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Beyond Silicon

Intel is exploring different materials for computer chips.
March 15, 2006

Last week, at the semiannual Intel Developer Forum in San Francisco, chip-maker Intel announced a transistor made from a material called indium antimonide (InSb) that had some impressive stats: it was clocked at 1.5 times the speed of silicon-based transistors and used one-tenth the power.

According to Intel’s director of technology strategy, Paolo Gargini, who presented the results, a shift from silicon might be crucial for the chip-making industry, so it can build smaller devices over the next couple of decades. As transistors made of silicon keep shrinking, the material’s limitations are becoming more apparent. “Silicon is not the best semiconductor,” Gargini says.

But of course silicon is both highly prevalent and relatively inexpensive, and its manufacturing process has been honed for 30 years. What makes so-called “compound semiconductors” -– those made out of more than one element, such as indium antimonide -– so attractive is their special electrical and optical properties.

Electrons can pass through an indium antimonide crystal 50 times faster than through a silicon crystal, Gargini says. As a result, not only are electronic operations significantly faster, but less power is needed to push the electrons.

Compound semiconductors also have optical properties that could help speed up communication between transistors on a chip and multiple chips within a device. These materials easily emit and detect light -– a characteristic that has been studied and improved for decades, says David Hodges, electrical engineer at the University of California, Berkeley. Therefore, he says, light emitters and detectors made of compound materials could potentially replace copper wires, which are a major “impediment of speed.”

Compound materials also have their disadvantages, though. Currently, hundreds of billions of transistors are manufactured at a time on top of silicon wafers that can be as large as 12 inches in diameter. The crystals of compound materials, such as indium antimonide (InSb), gallium arsenide (GaAs), indium arsenide (InAs), and indium gallium arsenide (InGaAs), however, tend to break apart easily, and so can’t be made into such large wafers, says Gargini. This means that compound materials could never completely replace silicon as the wafer base for electrical devices, he says.

Instead, “islands” of InSb transistors must be deposited on the large-diameter silicon substrate. But depositing indium antimonide transistors onto silicon creates an additional challenge. The atoms in a silicon crystal are spaced 0.543 nanometers apart, while the atoms in indium antimonide are 0.648 nanometers apart. Because of this mismatch, when the two materials are placed next to each other, not all of the atoms at the interface bond together, resulting in ineffective devices.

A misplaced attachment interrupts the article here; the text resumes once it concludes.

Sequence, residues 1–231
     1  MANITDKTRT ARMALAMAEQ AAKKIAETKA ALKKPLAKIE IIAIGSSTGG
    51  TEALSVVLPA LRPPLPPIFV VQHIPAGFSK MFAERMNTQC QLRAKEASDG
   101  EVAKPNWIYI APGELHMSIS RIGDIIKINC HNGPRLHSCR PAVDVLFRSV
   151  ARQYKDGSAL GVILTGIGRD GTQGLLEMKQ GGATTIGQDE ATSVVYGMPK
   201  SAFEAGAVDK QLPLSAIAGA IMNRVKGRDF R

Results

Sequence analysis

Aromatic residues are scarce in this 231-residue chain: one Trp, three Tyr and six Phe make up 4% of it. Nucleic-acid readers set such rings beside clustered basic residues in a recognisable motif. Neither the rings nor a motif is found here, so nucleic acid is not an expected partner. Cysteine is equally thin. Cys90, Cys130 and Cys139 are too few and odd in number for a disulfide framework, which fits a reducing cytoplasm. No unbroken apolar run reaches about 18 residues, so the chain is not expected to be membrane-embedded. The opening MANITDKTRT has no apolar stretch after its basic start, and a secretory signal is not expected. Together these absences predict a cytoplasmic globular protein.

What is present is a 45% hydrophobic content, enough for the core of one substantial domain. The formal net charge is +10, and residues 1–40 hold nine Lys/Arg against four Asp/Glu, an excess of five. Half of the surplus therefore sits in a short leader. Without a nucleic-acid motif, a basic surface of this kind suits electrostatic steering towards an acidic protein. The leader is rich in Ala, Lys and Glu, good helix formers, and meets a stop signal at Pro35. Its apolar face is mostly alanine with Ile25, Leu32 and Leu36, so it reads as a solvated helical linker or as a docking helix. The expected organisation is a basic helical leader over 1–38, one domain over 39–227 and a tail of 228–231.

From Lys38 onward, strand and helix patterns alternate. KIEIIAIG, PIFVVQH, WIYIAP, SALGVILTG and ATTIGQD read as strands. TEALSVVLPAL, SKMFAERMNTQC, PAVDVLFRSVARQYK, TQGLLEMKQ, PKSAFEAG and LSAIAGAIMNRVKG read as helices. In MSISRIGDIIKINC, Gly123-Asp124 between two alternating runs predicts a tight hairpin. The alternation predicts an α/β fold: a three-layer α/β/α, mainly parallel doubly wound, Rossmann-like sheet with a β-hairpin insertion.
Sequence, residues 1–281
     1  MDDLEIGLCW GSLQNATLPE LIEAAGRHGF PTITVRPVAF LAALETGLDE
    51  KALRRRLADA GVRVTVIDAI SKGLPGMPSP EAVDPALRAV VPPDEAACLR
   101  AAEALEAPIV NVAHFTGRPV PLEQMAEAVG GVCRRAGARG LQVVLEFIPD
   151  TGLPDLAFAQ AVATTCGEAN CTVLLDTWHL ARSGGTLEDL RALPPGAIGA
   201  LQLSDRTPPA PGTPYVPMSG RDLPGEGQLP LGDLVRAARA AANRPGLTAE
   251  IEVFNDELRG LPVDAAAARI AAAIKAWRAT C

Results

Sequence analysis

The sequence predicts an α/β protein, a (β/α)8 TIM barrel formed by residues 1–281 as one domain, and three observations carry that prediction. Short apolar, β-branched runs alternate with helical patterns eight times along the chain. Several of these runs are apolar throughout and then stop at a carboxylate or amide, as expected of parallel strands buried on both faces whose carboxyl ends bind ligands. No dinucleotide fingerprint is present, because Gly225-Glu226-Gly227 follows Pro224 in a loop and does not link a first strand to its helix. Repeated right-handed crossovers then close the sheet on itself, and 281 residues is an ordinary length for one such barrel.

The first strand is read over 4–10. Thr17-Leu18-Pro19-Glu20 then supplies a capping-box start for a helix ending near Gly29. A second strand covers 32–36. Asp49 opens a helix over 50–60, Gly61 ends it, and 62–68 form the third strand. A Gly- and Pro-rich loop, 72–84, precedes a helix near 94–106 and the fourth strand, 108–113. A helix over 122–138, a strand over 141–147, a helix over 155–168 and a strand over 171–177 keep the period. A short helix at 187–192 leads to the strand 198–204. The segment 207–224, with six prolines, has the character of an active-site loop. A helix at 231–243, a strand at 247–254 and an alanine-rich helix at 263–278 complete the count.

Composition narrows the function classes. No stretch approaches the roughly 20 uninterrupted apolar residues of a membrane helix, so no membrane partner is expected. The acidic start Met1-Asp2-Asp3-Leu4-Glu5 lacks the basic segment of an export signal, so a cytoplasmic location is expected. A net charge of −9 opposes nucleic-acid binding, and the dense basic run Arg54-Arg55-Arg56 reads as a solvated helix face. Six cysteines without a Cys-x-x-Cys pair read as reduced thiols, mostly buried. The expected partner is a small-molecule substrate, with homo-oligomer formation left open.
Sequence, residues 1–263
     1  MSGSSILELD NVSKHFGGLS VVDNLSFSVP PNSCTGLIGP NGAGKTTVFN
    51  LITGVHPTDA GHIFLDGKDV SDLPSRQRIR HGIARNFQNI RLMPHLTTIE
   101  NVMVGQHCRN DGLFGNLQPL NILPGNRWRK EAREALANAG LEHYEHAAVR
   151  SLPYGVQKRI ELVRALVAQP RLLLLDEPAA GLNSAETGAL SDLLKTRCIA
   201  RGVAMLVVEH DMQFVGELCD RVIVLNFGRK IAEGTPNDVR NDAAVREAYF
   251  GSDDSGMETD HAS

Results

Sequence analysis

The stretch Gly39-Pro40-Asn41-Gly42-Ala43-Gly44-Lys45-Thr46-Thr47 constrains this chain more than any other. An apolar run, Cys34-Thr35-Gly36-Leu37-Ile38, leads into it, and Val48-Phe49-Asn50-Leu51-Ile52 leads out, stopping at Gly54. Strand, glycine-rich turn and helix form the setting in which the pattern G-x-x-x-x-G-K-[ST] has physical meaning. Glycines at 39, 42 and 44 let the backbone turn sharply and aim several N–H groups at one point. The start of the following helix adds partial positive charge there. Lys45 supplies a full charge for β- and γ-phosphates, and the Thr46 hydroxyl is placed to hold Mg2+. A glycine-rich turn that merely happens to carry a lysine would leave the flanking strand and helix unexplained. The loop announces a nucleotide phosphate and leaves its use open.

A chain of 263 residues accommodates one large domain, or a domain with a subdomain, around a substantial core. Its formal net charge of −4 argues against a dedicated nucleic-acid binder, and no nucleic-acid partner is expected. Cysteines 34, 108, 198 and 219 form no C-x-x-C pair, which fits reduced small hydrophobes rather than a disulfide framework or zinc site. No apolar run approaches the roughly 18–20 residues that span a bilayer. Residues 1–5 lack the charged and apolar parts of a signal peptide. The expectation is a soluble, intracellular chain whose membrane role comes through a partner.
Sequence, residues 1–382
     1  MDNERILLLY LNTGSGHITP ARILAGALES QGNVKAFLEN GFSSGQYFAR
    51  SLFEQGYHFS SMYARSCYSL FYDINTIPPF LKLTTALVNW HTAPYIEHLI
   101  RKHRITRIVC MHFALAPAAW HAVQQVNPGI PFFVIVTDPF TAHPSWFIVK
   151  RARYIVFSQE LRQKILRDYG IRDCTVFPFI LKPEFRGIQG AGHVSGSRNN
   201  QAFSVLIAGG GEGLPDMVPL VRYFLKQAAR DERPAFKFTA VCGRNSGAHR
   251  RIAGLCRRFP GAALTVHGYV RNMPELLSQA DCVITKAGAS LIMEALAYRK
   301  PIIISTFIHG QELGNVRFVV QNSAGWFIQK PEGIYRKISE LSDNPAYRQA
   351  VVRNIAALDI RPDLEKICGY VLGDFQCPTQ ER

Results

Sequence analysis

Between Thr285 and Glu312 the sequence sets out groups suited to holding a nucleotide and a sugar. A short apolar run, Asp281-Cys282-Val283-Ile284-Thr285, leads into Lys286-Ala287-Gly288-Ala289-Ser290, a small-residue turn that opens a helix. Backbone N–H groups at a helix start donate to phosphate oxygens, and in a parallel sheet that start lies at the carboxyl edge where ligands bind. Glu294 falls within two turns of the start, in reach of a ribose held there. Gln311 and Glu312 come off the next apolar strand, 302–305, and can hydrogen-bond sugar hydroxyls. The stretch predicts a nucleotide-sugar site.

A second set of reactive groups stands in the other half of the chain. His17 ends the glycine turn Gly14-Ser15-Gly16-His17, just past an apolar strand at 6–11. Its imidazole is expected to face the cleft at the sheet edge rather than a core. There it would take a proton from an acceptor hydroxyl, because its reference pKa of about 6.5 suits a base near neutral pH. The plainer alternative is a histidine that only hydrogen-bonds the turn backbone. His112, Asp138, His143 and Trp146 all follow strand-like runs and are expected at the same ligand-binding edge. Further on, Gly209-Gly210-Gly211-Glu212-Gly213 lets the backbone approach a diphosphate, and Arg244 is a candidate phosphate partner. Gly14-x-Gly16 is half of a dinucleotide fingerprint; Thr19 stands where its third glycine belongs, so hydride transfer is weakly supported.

The way to overcome this, Gargini explains, is to add thin layers of “buffer” materials on the silicon that have an atom spacing similar to it, then gradually adjust the chemical compositions of the buffer layers, until they have atom spacing similar to that of indium antimonide. Finding the ideal chemical ratios to provide the best buffer layers will be one of the major challenges to integrating indium antimonide on Intel’s existing silicon platform, he says.

In addition to finding the best buffer for the InSb “islands” on the silicon wafer, according to Jesus del Alamo, an electrical engineer at MIT who specializes in microelectronics, engineers must also consider the insulating layer, the “gate dielectric,” on top of the transistor, which is crucial to the electrical operations of the device. Currently, silicon transistors use a layer of silicon dioxide as the gate dielectric. For compound semiconductors, though, silicon dioxide does not work as an insulating material, says del Alamo. The interface quality between compound semiconductors and silicon dioxide is not good enough and the dielectric constant of silicon dioxide is too small. Therefore, a whole new class of high-quality gate dielectrics will need to be developed. “That will be a huge challenge,” he says.

Del Alamo still believes, however, that such hurdles will be overcome as the field matures. “I’m very optimistic that we’ll come up with these breakthroughs,” he says.

Intel’s Gargini expects that the technology, which Intel began researching about three years ago, will move toward manufacturing in about another decade. He also emphasizes that compound semiconductors are only one of a number of possibilities for future microprocessors. In fact, Intel has many ideas in the works, from extreme ultraviolet lithography, for making silicon transistors smaller, to developing silicon lasers, modulators, and detectors, in which beams of light instead of copper wires could be used to transmit data within a chip (see “Intel’s Breakthrough”). “Don’t expect [compound semiconductors] in a product tomorrow,” Gargini says. “But it’s in the pipeline.”

Home page image courtesy of Jesus del Alamo, electrical engineer, department of electrical engineering and computer science, MIT.  Caption: Chip with transistors and test structures made of the compound semiconductor indium gallium arsenide (InGaAs). Chip is used to diagnose device operations.

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